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Possible correlation of sonic hedgehog signaling with epithelial–mesenchymal transition in muscle-invasive bladder cancer progression



To investigate the role of sonic hedgehog (Shh) signaling and epithelial–mesenchymal transition (EMT) in bladder cancer progression and invasion.


We cultured three bladder cancer cell lines, muscle-invasive T24 and 5637, and non-muscle-invasive KK47, in the presence of a recombinant-Shh (r-Shh) protein or cyclopamine, a Shh signaling inhibitor, to investigate proliferation and expression of EMT markers. Wound-healing assays and transwell assay were performed to evaluate cell invasion and migration. Mice were then inoculated with bladder cancer cells and treated with cyclopamine. Mouse tumor samples were stained for Shh signaling and EMT markers.


R-Shh protein enhanced cell proliferation, whereas cyclopamine significantly suppressed cell proliferation, especially in invasive cancer (5637 and T24) (p < 0.05). R-Shh protein promoted EMT, suppressed E-cadherin and enhanced N-cadherin and vimentin and Gli1, an Shh downstream molecule, while cyclopamine blocked EMT, especially in 5637 and T24. Cyclopamine also inhibited cell invasion and migration in vitro. In the animal study, intraperitoneal injection of cyclopamine significantly suppressed tumor growth in 5637 and T24 in mice (p = 0.01 and p = 0.004, respectively) and slightly suppressing KK47 tumor growth (p = 0.298). Significant cyclopamine-induced suppression of Gli1 in 5637 and T24 mouse tumors (both p = 0.03) was seen, suggesting that muscle-invasive bladder cancer may be more dependent on Shh signaling than non-muscle-invasive bladder cancer.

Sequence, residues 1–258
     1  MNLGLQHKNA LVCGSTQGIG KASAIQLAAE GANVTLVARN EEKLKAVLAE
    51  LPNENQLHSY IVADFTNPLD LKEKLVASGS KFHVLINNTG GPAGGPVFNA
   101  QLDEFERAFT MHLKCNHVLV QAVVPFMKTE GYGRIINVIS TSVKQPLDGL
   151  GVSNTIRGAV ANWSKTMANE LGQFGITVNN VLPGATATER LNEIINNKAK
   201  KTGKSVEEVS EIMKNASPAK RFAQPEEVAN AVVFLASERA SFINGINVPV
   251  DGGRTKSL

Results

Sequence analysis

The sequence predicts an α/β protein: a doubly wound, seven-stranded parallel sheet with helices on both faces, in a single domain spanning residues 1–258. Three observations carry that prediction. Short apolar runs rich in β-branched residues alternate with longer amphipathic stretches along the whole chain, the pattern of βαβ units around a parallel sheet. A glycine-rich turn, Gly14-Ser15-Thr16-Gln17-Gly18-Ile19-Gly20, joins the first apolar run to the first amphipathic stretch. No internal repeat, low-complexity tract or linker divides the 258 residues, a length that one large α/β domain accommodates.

Shh signaling and EMT were especially enhanced in muscle-invasive bladder cancer progression and invasion, and suppressed by the inhibition of Shh signaling.

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Ito-chu funding (Grant no. 2017502) supported this study.

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Correspondence to Katsumi Shigemura.

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All procedures performed in studies involving animals were in accordance with the ethical standards of the institution or practice at which the studies were conducted. This article does not contain any studies with human participants performed by any of the authors.

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Kitagawa, K., Shigemura, K., Sung, S. et al. Possible correlation of sonic hedgehog signaling with epithelial–mesenchymal transition in muscle-invasive bladder cancer progression. J Cancer Res Clin Oncol 145, 2261–2271 (2019). https://doi.org/10.1007/s00432-019-02987-z

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  • Sonic hedgehog
  • Epithelial–mesenchymal transition
  • Bladder cancer
  • Basic study
  • Oncology